Notes on Introduction to Logic  Phil A101William Jamison  InstructorLecture on Propositional Logic: Propositional Logic: Statements You may think of the statements discussed here as compound statements that include A, E, I, O statements joined together using logical operators, however, we will not be concerned with those atomic statements in this section. Here the focus will be on the logical operators and how they function. Compound Propositions and Logical Operators TruthFunctional Operators Exercises Propositional Abbreviations and Schemas These are tools we can use to simplify our examination of complex arguments. Exercises Conjunction “And” and other words we use to mean both conjoined statements must be true for the compound statement to be true. The symbol in most texts is the dot, and is called the “dot operator” but for html ease of use I will “+” on these pages. Exercises Truth Tables If you are interested in Wittgenstein, who invented the truth table method, and what he thought the truth tables showed us about how our language works, visit the IEP for a wonderful summary of his life and work and pay special attention to the description of the Tractatus LogicoPhilosophicus. You can also visit Wittgenstein quotes for some thought provoking ideas on what language can do.
Negation “Not” or other words we use to mean the statement (or compound statement) following the symbol “~” is not the case. Exercises Disjunction “Or” or other words we use to mean the disjuntion of two statements requires the truth of either one of the disjuncted statements or both in order for the compound statement to be true. If we want to translate a statement to reflect a speaker’s intention to mean only one or the other, but not both statements disjuncted in the compound statement, then we do this by symbolizing the compound statement using the schema [(p v q) + ~(p + q)]. I will use the symbol “v” for disjunction. Exercises Material Implication While it seems that a logical system of symbolic notation can be made using only conjunction, disjunction, and negation, a system that has only those symbols becomes too complex to make our work as simple as is efficient. So most contemporary systems use other symbols that represent combinations of those three. These extra symbols can be shown to be equivalent to combinations of +, v, and ~ by means of truth tables. Material Implication is one of these extra symbols. We use the horse shoe in the text, but most machine fonts use an arrow to the right of some kind. I will use “>” on these pages.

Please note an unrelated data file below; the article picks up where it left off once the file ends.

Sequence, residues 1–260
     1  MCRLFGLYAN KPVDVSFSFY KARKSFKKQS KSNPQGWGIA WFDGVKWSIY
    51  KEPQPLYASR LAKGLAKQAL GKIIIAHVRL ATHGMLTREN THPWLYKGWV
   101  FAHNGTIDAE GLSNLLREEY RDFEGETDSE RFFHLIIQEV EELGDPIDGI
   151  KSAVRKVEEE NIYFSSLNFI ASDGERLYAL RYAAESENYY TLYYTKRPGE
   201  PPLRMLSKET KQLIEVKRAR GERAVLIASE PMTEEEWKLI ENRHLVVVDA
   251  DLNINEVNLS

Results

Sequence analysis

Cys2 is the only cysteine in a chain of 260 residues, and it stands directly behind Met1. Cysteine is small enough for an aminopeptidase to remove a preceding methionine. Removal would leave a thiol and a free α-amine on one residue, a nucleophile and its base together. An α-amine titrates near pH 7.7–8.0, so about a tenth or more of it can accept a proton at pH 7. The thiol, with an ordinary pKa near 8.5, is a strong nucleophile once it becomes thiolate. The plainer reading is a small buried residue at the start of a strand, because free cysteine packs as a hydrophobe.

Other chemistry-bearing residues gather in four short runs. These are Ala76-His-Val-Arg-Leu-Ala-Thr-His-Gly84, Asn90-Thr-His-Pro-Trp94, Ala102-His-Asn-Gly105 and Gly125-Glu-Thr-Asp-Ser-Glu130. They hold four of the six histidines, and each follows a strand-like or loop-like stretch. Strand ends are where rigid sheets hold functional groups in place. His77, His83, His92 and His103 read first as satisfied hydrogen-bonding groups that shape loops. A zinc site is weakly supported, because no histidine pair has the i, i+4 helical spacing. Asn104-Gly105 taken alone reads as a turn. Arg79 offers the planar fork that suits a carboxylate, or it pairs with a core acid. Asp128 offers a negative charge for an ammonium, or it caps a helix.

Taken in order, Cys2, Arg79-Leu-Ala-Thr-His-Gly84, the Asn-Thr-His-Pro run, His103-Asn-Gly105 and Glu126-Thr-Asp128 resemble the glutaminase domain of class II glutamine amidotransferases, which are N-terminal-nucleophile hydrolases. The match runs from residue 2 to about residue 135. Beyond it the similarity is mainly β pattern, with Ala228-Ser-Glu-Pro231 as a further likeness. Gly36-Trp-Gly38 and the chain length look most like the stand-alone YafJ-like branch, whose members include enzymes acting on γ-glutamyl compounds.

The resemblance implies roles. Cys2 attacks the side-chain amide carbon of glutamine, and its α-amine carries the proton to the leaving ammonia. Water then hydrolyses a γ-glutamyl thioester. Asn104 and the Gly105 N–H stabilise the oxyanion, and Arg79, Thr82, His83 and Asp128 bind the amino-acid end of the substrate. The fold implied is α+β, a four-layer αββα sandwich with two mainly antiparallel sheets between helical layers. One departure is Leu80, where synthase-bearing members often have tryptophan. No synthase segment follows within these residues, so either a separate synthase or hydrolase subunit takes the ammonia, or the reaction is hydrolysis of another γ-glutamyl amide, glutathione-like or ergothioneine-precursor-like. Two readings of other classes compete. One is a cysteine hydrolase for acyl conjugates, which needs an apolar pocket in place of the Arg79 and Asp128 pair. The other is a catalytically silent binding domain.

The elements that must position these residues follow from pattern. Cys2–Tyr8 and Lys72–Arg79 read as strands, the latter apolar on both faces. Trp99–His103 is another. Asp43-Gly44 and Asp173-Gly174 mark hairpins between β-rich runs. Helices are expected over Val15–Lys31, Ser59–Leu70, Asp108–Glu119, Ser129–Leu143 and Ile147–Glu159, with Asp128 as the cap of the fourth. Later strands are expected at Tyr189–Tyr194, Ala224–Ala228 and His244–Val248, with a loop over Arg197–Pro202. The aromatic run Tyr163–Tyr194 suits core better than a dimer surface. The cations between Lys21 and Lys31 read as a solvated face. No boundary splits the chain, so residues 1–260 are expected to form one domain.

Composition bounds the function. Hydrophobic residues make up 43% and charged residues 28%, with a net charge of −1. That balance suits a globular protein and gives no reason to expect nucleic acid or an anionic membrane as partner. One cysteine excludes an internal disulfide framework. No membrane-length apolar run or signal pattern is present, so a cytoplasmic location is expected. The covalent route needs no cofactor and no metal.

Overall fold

The compound statement (p > q) is equivalent to (~p v q).
Exercises
Material Equivalence
A second symbol we use to be more efficient is represented in most texts by three lines that look like = with an extra line on top. For ease of use on these pages I will just use “=”. It means that the statement to the right of = has exactly the same truth value as the statement to the left. So, for example, the equivalence from above can be represented as:
(p > q) = (~p v q)
The operator “=” can be seen to be equivalent to a combination of +, v, and ~ in the following examples:
p = p (Which is the Law of Identity – a thing is what it is) ~(p = ~p) (Which is the Law of NonContradiction – it is not the case that a thing is not identical to itself.
Exercises Propositions with More Than One Logical Operator Exercises Truth Table Construction Exercises Logically Equivalent Statements Logical Equivalence and Material Equivalence Exercises Tautologies Contradictions Contingent Statements Exercises Summary

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